7. ^ a b Yeon, Yoo S. (2016). "Millstone: The Creation of a New Coalescence Consciousness of Opposites" (PDF). Journal of Symbols & Sandplay Therapy. 7 (1): 57–76. doi:10.12964/jsst.160003.
  8. ^ Shaffrey, Ruth (2015). "Intensive milling practices in the Romano-British landscape of southern England. Using newly established criteria for distinguishing millstones from rotary querns". Britannia. 46: 55–92. doi:10.1017/S0068113X15000185. S2CID 164726574 – via
  9. ^ Bucksch, Herbert (1997). Dictionary Geotechnical Engineering, Vol. 1. Springer-Verlag. p. 80. ISBN 978-3-540-58164-2.
  10. ^ a b c Freese, Stanley (27 May 2011). Windmills and millwrighting. Cambridge University Press. p. 14. ISBN 9781107600133.
  11. ^ Wood, Geoff (2003). Thorrington Tide Mill. Essex County Council. p. 13. ISBN 185281-232-X.
  12. ^ "Peak District Millstones". Stephen N Wood. Retrieved 10 April 2010.
  13. ^ Aikin, Arthur (1838). "On Corn Mills". Transactions. Royal Society of Arts. 51: 121.
  14. ^ Santi, Gambin, Renzulli (2021) "The millstone trade from the most exploited Italian volcanic areas: an overview from the phoenicians to the roman period", ANNALS OF GEOPHYSICS, 64, 5, VO551, 2021 ; doi:10.4401/ag-8647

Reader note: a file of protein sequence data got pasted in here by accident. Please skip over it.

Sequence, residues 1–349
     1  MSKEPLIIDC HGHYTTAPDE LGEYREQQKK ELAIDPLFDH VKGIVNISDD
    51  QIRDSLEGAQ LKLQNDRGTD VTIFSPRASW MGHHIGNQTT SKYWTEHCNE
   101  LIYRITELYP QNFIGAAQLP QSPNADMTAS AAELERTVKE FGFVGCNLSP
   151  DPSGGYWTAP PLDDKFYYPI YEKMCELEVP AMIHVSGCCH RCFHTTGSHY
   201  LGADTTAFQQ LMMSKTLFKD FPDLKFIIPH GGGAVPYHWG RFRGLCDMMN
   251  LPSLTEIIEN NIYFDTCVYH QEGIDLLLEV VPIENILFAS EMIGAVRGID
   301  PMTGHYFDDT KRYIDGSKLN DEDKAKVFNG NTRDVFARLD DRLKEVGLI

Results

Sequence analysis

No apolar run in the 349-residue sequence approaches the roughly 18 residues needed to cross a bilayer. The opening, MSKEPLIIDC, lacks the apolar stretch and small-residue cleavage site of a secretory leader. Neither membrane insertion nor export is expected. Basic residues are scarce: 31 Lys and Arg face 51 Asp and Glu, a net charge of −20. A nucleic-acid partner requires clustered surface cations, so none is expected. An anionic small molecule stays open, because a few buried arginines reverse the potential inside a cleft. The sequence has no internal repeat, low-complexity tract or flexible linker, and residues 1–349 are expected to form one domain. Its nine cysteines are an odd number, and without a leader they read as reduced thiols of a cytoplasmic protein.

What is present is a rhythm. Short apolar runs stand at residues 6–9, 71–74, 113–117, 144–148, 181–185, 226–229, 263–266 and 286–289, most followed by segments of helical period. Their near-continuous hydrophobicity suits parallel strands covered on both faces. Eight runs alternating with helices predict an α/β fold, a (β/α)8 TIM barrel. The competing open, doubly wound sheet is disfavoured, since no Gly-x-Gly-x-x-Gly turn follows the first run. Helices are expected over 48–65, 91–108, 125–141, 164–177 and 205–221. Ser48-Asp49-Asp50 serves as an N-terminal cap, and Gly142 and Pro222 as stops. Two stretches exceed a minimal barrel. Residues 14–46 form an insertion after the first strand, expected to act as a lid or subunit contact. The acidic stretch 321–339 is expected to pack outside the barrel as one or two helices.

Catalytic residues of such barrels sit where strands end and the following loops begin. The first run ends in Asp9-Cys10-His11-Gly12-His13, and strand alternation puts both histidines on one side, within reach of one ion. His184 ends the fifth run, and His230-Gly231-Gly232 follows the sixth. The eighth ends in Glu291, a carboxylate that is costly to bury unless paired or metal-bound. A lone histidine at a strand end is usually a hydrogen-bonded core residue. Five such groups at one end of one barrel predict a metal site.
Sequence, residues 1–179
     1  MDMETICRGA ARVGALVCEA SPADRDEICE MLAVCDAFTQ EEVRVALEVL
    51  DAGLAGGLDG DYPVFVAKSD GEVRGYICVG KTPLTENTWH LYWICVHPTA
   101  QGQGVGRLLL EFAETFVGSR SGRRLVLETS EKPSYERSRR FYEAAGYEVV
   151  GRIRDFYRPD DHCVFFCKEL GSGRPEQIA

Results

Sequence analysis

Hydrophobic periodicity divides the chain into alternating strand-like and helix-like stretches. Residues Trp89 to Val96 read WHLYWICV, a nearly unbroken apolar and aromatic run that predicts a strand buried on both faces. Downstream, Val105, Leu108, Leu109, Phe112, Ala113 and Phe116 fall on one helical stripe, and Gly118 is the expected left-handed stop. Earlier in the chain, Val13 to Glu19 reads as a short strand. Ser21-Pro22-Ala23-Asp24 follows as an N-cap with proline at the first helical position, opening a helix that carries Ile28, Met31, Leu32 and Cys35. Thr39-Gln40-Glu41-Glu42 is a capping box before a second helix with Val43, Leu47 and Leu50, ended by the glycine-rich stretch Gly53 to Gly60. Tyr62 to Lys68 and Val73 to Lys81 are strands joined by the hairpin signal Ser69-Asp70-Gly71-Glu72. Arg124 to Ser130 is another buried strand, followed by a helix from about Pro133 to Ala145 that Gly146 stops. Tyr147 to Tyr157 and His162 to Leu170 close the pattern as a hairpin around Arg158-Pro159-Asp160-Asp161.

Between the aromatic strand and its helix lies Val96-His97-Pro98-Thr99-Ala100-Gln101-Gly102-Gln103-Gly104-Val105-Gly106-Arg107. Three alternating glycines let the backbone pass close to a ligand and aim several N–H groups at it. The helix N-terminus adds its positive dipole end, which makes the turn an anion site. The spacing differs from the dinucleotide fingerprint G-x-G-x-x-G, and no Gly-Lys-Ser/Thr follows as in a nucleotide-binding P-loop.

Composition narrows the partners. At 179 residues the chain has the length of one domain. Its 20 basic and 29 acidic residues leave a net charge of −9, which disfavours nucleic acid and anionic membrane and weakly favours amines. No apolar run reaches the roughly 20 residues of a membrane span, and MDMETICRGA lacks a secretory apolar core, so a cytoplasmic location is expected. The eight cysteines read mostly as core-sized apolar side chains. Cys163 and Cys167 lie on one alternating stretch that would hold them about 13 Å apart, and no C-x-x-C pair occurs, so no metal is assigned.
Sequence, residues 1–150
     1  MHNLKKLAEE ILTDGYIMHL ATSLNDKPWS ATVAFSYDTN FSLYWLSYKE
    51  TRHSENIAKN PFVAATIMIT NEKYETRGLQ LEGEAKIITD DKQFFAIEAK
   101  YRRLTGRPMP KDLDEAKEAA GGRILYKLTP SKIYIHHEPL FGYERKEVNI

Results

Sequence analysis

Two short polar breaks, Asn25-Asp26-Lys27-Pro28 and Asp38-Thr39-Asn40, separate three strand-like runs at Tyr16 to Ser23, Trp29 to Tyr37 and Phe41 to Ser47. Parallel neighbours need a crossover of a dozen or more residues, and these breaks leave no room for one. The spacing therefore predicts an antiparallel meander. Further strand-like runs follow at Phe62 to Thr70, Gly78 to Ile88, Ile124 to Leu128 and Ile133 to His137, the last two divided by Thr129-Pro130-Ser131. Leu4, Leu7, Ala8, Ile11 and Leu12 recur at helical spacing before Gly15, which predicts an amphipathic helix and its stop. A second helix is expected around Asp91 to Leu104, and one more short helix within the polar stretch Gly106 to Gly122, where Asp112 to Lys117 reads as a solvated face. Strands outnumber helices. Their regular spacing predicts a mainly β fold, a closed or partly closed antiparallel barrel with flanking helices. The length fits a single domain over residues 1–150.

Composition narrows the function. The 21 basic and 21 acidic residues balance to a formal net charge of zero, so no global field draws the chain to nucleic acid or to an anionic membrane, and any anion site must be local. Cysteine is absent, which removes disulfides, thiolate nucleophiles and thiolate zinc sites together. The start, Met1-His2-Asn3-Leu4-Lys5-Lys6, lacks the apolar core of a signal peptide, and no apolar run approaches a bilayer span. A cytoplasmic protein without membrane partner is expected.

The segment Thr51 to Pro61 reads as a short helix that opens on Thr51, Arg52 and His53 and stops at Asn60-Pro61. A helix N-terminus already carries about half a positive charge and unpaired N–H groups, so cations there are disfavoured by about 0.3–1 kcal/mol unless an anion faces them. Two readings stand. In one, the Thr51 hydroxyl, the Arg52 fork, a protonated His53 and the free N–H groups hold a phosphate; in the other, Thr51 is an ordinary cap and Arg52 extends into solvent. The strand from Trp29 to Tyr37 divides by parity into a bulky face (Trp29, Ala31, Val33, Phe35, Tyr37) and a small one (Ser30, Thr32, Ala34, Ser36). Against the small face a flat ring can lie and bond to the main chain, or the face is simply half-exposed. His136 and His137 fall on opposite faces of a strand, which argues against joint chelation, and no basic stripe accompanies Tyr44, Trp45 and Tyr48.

15. ^ Wood (2003) p 19
  16. ^ NPS publication "Peirce Mill" GPO: 2004--304-337/00145 Reprint 2004
  17. ^ Mishnah (1977). The Mishnah. Translated by Herbert Danby (12th ed.). Oxford: Oxford University Press. p. 364. ISBN 0-19-815402-X., s.v. Baba Mezia 9:13
  18. ^ Matthew 18:6: King James Version, paralleled in Luke 17:2
  19. ^ a b Lynch, Alban J; Rowland, Chester A. (1 November 2005). The History of Grinding. Society for Mining, Metallurgy, and Exploration. ISBN 978-0873352383.
  20. ^ a b Walton, Steven A. "The Mill in the Bible" (PDF). Retrieved 12 February 2023.
  21. ^ Bernhard Peter: The mill iron and derived forms (in German)